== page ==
than you’d like.”
The military wants to downsize gradually, through attrition and reduced
recruiting, to ensure that its leaner force can still fight effectively.
Some cutbacks have already started. After a decade of loosened restrictions
to encourage people to serve in Iraq and Afghanistan, “they’re getting tight
again on things like physical-training test failures, overweight soldiers,
people who’ve had unfavorable personnel reports in the past,” says retired
Army officer John Nagl, a Center for a New American Security senior fellow.
Promotions are harder to secure than during the wars. And the Army announced
it will tap colonels and lieutenant colonels for early retirement —
reportedly up to 30 percent of a pool of 1,200 officers this August — while
others wait years longer to earn the ranks of captain and major than their
peers who were promoted in recent years.
While these actions may encourage the relatively low performers to leave,
the downturn simultaneously makes it harder for the military to retain the
talent it wants to keep. Usually, after serving 20 years, troops receive a
pension and benefits. In past drawdowns, the military sometimes allowed
people with 15 years’ service to retire early and get benefits or a onetime
lump-sum payment option, says Nora Bensahel, deputy director of studies at
CNAS. But such incentives can backfire. After the Cold War, more captains
than expected chose to leave early, forcing the Army to promote
less-experienced people to more-senior ranks — a problem that took years to
correct. Top performers may seize these options to leave, because they have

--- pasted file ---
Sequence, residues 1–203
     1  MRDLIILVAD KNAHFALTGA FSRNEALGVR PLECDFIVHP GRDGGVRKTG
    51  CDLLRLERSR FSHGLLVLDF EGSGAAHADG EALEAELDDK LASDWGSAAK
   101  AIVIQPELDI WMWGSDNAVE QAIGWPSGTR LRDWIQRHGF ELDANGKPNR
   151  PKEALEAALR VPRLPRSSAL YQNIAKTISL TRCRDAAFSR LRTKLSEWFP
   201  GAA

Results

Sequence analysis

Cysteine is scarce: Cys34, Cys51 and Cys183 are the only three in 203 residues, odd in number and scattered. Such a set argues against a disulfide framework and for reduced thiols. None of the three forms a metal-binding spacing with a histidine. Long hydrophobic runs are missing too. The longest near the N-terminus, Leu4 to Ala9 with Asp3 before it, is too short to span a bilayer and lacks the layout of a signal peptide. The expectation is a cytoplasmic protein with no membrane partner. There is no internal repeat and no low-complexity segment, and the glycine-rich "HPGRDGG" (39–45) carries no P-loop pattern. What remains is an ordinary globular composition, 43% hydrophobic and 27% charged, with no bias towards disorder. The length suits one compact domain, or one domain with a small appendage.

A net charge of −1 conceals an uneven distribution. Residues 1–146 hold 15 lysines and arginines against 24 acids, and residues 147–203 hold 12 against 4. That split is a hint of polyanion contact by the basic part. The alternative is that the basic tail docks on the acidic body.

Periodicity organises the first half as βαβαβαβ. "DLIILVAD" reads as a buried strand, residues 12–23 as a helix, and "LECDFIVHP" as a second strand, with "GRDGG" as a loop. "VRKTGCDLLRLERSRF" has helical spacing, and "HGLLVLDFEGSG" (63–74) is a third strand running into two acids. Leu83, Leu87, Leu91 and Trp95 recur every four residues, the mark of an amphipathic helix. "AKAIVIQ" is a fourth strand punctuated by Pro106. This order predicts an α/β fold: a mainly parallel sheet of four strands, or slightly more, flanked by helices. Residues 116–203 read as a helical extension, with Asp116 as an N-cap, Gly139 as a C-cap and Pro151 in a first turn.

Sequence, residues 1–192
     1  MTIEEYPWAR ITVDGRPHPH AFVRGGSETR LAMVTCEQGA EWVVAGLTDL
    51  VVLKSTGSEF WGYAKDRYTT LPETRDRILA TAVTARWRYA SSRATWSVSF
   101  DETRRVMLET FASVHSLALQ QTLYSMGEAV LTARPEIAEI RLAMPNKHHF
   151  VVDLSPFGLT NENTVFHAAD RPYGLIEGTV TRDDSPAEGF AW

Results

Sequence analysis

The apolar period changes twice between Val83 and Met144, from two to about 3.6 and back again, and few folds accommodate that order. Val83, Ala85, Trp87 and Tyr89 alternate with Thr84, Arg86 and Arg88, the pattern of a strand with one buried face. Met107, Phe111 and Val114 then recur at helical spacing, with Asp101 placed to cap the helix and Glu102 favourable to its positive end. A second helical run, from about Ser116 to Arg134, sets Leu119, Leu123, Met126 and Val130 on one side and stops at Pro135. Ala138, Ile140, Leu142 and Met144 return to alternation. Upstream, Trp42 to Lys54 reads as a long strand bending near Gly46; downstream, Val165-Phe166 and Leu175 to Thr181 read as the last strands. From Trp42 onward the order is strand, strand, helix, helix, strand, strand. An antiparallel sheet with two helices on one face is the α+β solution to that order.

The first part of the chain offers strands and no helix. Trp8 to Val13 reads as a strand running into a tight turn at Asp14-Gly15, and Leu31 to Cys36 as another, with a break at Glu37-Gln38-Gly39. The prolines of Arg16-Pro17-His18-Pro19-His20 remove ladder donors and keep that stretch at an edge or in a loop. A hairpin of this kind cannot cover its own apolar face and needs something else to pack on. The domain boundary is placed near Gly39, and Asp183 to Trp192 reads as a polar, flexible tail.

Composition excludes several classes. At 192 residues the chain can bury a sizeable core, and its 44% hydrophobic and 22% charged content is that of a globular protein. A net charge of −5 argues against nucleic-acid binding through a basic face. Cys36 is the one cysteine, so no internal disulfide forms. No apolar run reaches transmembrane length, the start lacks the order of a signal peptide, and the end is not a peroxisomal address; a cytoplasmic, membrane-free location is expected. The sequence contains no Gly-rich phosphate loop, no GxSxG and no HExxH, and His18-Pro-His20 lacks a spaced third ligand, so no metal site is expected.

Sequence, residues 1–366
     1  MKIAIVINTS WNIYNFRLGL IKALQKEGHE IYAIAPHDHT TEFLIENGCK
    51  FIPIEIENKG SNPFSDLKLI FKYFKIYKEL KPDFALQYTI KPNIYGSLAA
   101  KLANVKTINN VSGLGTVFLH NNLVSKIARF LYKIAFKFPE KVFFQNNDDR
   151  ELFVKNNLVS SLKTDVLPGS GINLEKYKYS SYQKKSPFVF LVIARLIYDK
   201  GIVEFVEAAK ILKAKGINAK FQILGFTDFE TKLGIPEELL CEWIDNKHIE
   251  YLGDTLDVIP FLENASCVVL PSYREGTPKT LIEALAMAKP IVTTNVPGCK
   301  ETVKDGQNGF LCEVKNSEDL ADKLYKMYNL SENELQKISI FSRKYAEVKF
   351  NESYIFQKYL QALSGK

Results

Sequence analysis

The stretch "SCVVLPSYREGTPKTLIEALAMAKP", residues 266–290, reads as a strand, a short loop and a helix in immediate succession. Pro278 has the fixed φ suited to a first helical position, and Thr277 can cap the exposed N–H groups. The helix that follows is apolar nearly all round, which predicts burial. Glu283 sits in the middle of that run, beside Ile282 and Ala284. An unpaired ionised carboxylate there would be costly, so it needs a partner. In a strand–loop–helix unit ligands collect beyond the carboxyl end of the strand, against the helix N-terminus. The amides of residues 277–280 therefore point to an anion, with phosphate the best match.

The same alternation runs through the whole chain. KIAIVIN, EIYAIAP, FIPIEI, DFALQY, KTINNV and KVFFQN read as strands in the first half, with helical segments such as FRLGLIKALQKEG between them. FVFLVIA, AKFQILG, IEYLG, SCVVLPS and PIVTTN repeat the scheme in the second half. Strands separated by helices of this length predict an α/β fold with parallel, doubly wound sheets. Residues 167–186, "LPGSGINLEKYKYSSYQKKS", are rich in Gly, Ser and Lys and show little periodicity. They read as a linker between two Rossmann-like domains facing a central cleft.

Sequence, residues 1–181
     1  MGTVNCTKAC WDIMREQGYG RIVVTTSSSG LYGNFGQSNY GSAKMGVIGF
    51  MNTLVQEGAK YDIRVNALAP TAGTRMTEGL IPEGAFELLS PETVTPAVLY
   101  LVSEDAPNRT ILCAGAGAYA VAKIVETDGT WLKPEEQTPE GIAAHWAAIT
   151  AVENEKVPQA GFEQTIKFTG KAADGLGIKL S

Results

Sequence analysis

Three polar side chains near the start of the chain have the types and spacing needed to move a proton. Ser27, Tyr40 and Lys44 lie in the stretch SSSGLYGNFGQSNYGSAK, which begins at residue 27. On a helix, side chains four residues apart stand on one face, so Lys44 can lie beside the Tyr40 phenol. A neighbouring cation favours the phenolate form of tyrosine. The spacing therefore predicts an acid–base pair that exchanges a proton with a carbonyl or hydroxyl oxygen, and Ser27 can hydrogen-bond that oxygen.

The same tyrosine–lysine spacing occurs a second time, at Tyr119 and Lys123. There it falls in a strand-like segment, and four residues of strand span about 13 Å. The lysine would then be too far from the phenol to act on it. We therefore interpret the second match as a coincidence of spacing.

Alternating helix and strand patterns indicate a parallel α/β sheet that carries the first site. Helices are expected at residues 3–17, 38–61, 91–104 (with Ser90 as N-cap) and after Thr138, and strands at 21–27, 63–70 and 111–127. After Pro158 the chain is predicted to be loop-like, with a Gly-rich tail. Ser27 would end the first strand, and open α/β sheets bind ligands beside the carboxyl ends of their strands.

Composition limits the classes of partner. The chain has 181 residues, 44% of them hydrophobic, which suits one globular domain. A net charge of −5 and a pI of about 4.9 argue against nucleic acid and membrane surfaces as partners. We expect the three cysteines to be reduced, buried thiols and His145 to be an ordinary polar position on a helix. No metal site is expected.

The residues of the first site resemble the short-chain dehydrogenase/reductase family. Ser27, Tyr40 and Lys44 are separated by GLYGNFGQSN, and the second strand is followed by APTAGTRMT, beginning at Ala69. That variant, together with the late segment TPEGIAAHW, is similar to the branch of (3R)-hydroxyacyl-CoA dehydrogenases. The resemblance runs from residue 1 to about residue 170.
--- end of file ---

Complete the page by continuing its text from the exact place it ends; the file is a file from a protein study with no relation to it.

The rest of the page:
the best prospects outside the military — especially if they’re discouraged
by seeing their bosses denied promotions or having to retire early. “We’ve
lost a lot of talent [in] every one of these drawdowns,” Nagl says.
Another challenge is keeping troops engaged. “[More than] 80 percent of the
current force came in after 9/11,” Swan says of today’s Army, weaned on
multiple combat tours. Life in a garrison military is simply not as
exciting, and sequestration is already compounding this problem. The Army is
canceling expensive combat-training exercises. “If you don’t have those
kinds of training opportunities, it’s really hard to convince the captain
who’s coming up to the end of his service obligation out of West Point or
ROTC, [who] commanded men and women in Afghanistan — and now all you have
the money to do is turn wrenches in a motor pool . [that] that’s a career
choice worth making,” Nagl says. The Navy will have fewer ships to command,
fueling stiffer competition. The Air Force’s flying-hour cutbacks could
prompt pilots to review their options. Across the services, troops will have
a harder time getting the overseas tours they need to advance their careers.
Military schools, such as the Army’s Command and General Staff College at
Fort Leavenworth, Kan., will become more selective, potentially dampening
promotion prospects for those not tapped, Swan says, comparing the wartime
Army to a youth soccer team where everyone is rewarded. “Not every kid’s
going to get a trophy.”
In today’s fiscal environment, however, analysts are skeptical that the
military can afford enticements for troops to leave. Retiree benefits are so
expensive that forgoing the yearly payroll would be a “frankly
insignificant” savings in the near term, Swan says. Worst case, the military
is left with the undesirable option of telling troops — even combat
veterans — to take a hike. Those who stay may have grim prospects in the
next conflict due to lack of training, says Daniel Goure, vice president of
the Lexington Institute think tank. “If a unit goes into combat, and 20
percent of the people are new and have never operated alongside each other,”
he says, “it’s like a game of football where [the players] don’t even know
the same plays. This becomes hugely dangerous.”